Demand exceeded supply just before Diwali’s crucial buying period for consumer electronics and high-end smartphones, as several popular models disappeared from the market.

Retailers and industry executives said several top-selling models, such as Apple’s iPhone 11, 12, and 13 series, Samsung’s Galaxy Fold and Flip models, premium TVs and devices imported from most brands are either out of stock or out of stock. . The shortage accounts for 15-30% of potential demand, industry executives said.

The supply crunch has amplified due to robust sales during the Navratri period (October 2-15), led by markets such as Flipkart and Amazon, and physical retailers like Reliance Digital, Croma, Vijay Sales and Great Eastern Retail.

Agencies

“Supplies continue to be unpredictable,” said Avijit Mitra, general manager of Tata-owned electronics distribution chain Croma. “It’s actually more (in devices) where chips are needed, which means high-end and imported models.”

Delays in delivery

Amazon and Flipkart, in particular, had predicted this increase and sellers had sourced much earlier with higher inventories, which is why things are relatively better in these markets. Diwali is November 4th.

For Apple in particular, several prominent chains and executives have said it is the worst sourcing situation for iPhones right now, given the demand is high. The iPhone maker likely shipped over 2 million handsets to India in the last quarter, which is a record in itself, according to market research. Despite this, Apple’s own online store now has a three to four week delivery time for even two-year models like the iPhone 11. Popular iPhone 12 variants in Flipkart are out of stock. , while others have a week. delivery time. The new iPhone 13 Pro models are out of stock with a delivery time of over a month at Apple’s own online store.

Samsung India has sent an SOS to headquarters for more stock for the newly launched super premium smartphones, as these are currently imported from South Korea, people with knowledge of the matter have said. Smartphone market leader Xiaomi has warned a few large physical chains that there could be supply disruptions over the next seven to ten days.

“Strengthen local manufacturing”

A spokesperson for Xiaomi said there have been shortages throughout the supply chain due to challenges related to the pandemic.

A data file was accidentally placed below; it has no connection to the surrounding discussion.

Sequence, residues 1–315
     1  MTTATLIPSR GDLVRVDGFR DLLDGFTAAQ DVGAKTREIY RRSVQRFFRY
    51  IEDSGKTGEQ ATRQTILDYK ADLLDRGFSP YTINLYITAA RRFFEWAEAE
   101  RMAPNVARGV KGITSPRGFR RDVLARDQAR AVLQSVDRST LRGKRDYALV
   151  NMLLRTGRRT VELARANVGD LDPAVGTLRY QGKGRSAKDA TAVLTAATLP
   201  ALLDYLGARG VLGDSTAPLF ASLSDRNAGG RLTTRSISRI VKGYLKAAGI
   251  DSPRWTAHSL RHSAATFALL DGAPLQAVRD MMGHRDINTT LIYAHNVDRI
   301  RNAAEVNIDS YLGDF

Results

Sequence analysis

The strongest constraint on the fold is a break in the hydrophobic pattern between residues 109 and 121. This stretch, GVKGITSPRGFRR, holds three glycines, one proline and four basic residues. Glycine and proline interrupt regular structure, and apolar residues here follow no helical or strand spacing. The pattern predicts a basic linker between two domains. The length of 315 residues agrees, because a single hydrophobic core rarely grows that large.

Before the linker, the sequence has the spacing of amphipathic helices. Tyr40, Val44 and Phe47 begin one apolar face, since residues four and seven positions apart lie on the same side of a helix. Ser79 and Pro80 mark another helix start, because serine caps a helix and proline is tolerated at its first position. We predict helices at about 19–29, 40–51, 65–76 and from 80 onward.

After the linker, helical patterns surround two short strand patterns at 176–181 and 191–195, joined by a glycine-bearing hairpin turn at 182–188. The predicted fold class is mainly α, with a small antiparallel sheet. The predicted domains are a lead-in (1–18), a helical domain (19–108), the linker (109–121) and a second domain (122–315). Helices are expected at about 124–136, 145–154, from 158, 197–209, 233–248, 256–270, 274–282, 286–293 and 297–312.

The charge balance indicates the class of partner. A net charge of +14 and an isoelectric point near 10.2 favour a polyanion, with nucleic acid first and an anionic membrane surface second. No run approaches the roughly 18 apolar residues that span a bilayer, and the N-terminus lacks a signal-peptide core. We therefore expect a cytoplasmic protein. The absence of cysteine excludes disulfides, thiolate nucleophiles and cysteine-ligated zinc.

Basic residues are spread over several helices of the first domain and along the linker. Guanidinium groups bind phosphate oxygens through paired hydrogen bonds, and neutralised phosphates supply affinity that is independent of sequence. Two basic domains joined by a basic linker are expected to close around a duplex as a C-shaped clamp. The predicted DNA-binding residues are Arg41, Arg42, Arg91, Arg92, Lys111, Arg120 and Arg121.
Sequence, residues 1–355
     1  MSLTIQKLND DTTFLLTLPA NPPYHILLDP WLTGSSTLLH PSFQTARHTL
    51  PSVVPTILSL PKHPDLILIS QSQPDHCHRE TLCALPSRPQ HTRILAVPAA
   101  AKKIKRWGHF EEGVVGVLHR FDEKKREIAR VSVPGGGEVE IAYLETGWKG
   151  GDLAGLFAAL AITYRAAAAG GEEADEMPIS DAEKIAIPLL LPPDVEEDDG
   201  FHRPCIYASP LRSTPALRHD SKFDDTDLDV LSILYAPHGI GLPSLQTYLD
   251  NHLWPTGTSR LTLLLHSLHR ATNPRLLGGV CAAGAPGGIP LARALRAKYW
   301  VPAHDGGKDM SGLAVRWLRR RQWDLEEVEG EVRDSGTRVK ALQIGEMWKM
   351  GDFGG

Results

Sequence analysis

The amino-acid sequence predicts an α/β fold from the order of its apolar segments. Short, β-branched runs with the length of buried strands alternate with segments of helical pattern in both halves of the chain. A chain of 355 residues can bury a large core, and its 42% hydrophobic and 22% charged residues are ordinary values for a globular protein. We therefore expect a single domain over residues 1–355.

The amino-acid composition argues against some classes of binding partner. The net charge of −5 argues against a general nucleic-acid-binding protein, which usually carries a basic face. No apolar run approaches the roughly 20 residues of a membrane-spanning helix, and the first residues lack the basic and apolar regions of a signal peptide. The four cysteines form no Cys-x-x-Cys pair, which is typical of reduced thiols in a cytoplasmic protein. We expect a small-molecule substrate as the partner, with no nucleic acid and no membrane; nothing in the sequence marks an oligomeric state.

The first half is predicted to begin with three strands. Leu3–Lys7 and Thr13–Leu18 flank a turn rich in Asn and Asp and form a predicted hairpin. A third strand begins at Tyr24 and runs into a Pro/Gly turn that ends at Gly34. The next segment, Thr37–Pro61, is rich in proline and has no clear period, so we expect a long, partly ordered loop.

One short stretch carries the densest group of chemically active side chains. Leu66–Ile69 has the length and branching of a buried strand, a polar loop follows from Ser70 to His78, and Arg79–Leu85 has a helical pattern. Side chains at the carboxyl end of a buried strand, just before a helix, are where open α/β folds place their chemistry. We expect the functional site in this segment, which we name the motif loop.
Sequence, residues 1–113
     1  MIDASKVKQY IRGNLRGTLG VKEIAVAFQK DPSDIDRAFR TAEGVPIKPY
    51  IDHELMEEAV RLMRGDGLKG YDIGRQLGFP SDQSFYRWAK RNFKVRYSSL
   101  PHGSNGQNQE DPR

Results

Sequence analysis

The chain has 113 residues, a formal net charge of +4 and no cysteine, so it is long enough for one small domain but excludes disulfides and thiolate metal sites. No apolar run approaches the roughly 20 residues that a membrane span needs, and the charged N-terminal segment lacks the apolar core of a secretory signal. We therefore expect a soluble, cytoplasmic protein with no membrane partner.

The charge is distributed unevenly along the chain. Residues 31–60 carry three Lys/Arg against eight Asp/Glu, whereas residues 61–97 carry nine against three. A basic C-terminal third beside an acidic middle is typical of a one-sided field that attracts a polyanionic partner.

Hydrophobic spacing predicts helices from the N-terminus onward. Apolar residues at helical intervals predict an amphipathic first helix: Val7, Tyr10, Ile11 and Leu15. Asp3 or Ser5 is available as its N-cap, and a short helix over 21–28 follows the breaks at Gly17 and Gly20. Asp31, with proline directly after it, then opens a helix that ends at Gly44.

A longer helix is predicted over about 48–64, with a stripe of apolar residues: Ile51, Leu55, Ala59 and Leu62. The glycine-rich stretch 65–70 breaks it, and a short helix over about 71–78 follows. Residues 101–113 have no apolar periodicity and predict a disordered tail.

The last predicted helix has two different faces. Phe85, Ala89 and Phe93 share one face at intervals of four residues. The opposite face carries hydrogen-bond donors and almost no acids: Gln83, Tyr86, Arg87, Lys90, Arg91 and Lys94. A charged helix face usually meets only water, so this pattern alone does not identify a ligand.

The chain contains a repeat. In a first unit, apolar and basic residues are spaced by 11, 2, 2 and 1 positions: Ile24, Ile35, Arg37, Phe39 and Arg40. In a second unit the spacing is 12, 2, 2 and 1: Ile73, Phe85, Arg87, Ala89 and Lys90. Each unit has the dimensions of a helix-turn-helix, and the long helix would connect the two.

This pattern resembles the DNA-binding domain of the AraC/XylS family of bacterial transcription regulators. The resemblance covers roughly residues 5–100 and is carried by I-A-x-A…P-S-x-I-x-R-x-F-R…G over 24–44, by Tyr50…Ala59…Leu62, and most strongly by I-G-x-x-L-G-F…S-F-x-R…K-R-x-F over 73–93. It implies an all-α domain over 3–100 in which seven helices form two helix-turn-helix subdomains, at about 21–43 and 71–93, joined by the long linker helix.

“During the holiday season, we have seen a huge increase in consumer demand,” said the spokesperson for Xiaomi. “Seeing a constant increase in demand and keeping in mind the gap between demand and supply, we have worked with various suppliers and try to do our best to provide as much as possible. To ensure we close the gap, we have been working towards expanding our local manufacturing capabilities. ”Apple and Samsung did not respond to queries.

The consumer electronics and smartphone industry has faced an acute supply crisis in recent weeks due to a shortage of semiconductors – a crucial component of smartphones, smart TVs and high-end devices . In addition to the surge in global demand, shipping containers are scarce, with retailers and online stores in Western countries stocking up for the holiday sales.

Neeraj Bahl, managing director of BSH Household Appliances India, which sells Bosch and Siemens appliances, said the company was losing nearly 15% of its potential sales during Diwali due to the supply shortage. “Most of our top-selling and imported premium ranges are out of stock, while even our refrigerator factory production in India is affected due to component issues,” he said.

Crucial festive period

High-end imported products priced at 75,000 yen at Rs 1 lakh and above face supply constraints, said Deepak Bansal, vice president of LG Electronics India, the country’s largest home appliance maker. .

“Shipments are delayed and if demand increases further over the next seven to ten days, the shortage will increase,” he said.

An executive at one of the major smartphone makers said the industry saw record sales during the Navratri period thanks to e-commerce and therefore a gap was inevitable given the global supply crisis.


Source link